Let love be the new normal

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There is quite an industry at the moment in trying to second guess what the future will look like. What will life and the world look like when we come out of lockdown. On one level, this is such a disorientating experience that it is very difficult to think beyond where we are and taking each day as it comes. The immediate has led to crisis management and response, because that is where we are.

This time is very hard to bear, and so just like the story of Noah on his floating art feeling lost at sea and wondering where home is, so we long signs of land. Uncertainty, while it is always with us, is something we prefer to cover with the known knowns. This is a time of exile, enforced. We have not gone on a spiritual pilgrimage into the wilderness to find ourselves, or even to find God, we have been wrenched from where we were and endure enforced incarceration, distancing and separation. I find the images of exile speak more to me than those of exile at the moment.

This time though will come to an end and there are some twigs beginning to appear, of signs of coming out the other side, at least in some limited way, and we are expecting a major announcement at the weekend about what is likely to emerge in the coming days. As we enter that it is unlikely that we will return completely to how life was before – this virus has not gone away, and without a vaccine or immunity we will still have to take care of ourselves and others; take care of one another.

Whatever the new normality looks like, as it is being termed, it will not come from no where. So, some have been asking us to think about what we are missing and therefore want to see restored. Equally, what are we quite glad to see the back of, even if we’d have chosen a less dramatic way of being shot of it. These are windows into what we treasure and what we value. And somewhere in there will be the operating system we use to access it.

Michael Curry, the Presiding Bishop of the Anglican Church in America, him of that high octane royal wedding sermon a few years ago, spoke recently about what he was looking for. He spoke of the new normality being shaped by the rubric of love. Let the rule of love be the defining character of the new normality. If we do that we will find a more compassionate, more embracing, more open world, one where people flourish and grow in the warmth of the sunlight rather than being weighed down with clouds and darkness. It will be a world that is more inclusive, that looks to count people in and not count them out. When we are going around keeping distance, lest my neighbor infect me, this is a challenge and an important counter to the suspicion and fear that distancing can bring.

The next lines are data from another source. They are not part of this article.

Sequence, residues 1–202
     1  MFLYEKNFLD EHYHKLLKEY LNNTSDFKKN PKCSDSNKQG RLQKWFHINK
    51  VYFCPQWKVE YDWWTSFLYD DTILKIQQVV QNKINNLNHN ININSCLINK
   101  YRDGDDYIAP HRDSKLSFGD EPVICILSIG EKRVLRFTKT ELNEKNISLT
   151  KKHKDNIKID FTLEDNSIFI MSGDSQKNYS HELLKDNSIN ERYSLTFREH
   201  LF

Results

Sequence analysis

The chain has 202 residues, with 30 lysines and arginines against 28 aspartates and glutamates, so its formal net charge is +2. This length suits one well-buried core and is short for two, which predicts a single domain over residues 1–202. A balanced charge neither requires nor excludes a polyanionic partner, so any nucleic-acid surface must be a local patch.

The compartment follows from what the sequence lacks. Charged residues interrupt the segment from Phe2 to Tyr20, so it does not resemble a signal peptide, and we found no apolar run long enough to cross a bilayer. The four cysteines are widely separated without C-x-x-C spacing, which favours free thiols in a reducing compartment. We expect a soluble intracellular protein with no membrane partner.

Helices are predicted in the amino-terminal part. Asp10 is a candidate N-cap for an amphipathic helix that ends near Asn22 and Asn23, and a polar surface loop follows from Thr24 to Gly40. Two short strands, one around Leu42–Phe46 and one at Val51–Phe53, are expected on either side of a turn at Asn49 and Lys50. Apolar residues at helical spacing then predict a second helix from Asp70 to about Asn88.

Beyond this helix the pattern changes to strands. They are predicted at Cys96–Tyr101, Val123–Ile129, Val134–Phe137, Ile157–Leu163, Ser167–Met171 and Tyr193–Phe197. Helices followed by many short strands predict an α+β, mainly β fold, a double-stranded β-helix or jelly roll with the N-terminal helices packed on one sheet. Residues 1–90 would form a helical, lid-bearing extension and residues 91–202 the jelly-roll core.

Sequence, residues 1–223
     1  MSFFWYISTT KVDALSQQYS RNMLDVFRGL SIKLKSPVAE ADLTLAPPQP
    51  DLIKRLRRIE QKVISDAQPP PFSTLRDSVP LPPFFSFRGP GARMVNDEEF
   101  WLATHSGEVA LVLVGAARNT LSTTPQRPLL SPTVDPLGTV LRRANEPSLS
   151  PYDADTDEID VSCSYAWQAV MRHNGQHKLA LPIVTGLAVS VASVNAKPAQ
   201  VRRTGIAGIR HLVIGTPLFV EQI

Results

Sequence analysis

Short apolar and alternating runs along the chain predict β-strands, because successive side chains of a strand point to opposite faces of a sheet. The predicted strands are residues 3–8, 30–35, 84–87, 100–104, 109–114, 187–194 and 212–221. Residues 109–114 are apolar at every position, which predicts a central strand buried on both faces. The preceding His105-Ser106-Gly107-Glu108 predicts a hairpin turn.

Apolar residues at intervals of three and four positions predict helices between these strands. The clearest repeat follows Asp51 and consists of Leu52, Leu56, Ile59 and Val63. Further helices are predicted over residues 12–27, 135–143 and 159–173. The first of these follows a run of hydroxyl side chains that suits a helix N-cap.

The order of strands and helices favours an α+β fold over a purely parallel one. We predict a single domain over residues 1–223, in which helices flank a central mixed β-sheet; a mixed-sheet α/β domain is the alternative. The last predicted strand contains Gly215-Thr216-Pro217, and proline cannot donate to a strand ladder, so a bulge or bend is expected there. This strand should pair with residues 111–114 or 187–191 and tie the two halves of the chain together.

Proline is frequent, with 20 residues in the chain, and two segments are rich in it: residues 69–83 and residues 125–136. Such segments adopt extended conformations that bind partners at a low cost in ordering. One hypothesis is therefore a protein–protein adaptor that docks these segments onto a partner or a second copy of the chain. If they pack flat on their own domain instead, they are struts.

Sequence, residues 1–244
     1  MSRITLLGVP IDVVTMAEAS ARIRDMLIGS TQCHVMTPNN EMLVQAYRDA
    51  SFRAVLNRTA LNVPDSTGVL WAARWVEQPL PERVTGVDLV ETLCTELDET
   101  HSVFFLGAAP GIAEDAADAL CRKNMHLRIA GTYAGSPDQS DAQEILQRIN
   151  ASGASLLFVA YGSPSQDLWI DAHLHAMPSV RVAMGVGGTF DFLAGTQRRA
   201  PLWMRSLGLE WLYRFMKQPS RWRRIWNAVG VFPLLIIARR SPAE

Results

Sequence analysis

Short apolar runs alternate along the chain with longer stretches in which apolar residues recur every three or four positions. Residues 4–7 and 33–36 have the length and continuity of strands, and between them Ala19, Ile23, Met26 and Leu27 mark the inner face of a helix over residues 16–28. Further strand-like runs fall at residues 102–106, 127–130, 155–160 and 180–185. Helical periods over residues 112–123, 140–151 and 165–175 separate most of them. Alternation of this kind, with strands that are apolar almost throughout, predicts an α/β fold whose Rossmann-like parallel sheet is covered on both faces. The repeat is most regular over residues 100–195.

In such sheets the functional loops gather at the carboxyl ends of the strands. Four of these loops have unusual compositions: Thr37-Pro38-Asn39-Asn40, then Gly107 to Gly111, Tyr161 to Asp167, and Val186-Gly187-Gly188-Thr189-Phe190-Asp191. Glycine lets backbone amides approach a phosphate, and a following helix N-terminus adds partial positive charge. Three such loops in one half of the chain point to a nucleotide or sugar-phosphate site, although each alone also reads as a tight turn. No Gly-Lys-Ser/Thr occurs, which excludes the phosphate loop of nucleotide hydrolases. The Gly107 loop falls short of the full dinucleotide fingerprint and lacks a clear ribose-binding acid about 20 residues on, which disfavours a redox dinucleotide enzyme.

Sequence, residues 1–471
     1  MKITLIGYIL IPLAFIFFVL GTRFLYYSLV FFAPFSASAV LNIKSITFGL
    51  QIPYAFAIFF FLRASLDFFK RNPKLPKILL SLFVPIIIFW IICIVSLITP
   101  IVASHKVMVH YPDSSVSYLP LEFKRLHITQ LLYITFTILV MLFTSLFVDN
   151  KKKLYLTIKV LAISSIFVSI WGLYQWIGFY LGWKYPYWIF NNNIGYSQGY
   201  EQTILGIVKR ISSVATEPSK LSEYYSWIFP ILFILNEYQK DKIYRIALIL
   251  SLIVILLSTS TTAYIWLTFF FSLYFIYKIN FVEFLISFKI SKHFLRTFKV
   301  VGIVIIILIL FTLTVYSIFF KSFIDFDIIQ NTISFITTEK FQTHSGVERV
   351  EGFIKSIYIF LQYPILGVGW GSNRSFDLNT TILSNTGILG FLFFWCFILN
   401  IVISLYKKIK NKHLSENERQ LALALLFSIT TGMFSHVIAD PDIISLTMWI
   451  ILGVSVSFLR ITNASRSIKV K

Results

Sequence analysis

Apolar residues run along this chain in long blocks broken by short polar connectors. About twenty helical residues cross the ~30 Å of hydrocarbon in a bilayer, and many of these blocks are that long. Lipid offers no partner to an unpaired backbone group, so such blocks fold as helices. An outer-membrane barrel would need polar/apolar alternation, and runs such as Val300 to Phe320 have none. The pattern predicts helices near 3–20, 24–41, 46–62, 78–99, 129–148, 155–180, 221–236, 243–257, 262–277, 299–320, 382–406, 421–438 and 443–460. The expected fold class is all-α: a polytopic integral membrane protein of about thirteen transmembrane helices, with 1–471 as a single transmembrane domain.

The rule of love doesn’t mean that we don’t ask critical questions of those who run things, including governments. Accountability means that we hold up a measure by which to take stock. But that measure needs to be the rule of love not the rule of hatred or fear. The rule of love means that the hungry find food, the homeless shelter and therefore we need to commit the resources needed make this happen. And again announcement today is that there will be a major review of provisions for the homeless and as resources have been committed over recent week we hope and pray that they will be found for what is needed going forward as well – and I welcome that review.

The story of Noah, with its rainbow and floating zoo, is only a temporary fix. The new normality in that story doesn’t last. And within a few pages the old sins continue. Unless we address what lies within that divided, that sent us off down rabbit holes of endless consuming and frenetic activity, we will not change. The love we need is the love that sets us free with hope, with generosity and thanksgiving. This is the love that will change us, the love which we see in Jesus Christ. And it is healing in so many ways.

Reflection for a service of wholeness and healing during Night Prayer, Live-streamed Wednesday 6th May 202

 

About Revd Canon Ian Black

Ian is Vicar of Peterborough and Canon Residentiary of Peterborough Cathedral in the Church of England Diocese of Peterborough. He served as Rural Dean of Peterborough for 5 years. Prior to moving to Peterborough, Ian was in Leeds for 10 years in Leeds, as Vicar of Whitkirk and as a member of the Chapter of Ripon Cathedral. He has also worked in Kent in Maidstone and as priest-in-charge of a group of parishes 10 miles north west of Canterbury. He was a Minor Canon of Canterbury Cathedral, a prison chaplain and Assistant Director of Post-Ordination Training for the Diocese of Canterbury. Prior to ordination Ian had a career in tax, both with the Inland Revenue as a PAYE Auditor and a firm of Chartered Accountants as a Tax Accountant. Ian was born and grew up in Stratford-upon-Avon and is a former head chorister at Shakespeare's Church - Holy Trinity. He studied in Canterbury, Lincoln Theological College and has a Master of Divinity degree from Nottingham University. He is married with two sons. Publications include three books of prayers: Prayers for all occasions (SPCK 2011), Intercessions for Years A, B & C (SPCK 2009) and Intercessions for the Calendar of Saints and Holy Days (SPCK 2005). His most recent book, 'Follow me: living the sayings of Jesus', was published by Sacristy Press in 2017. There is a hymn based on this 'Christ the Saviour'. He has been writing online since the mid 1990s. Ian is a keen photographer and these frequently appear in his posts and on social media.
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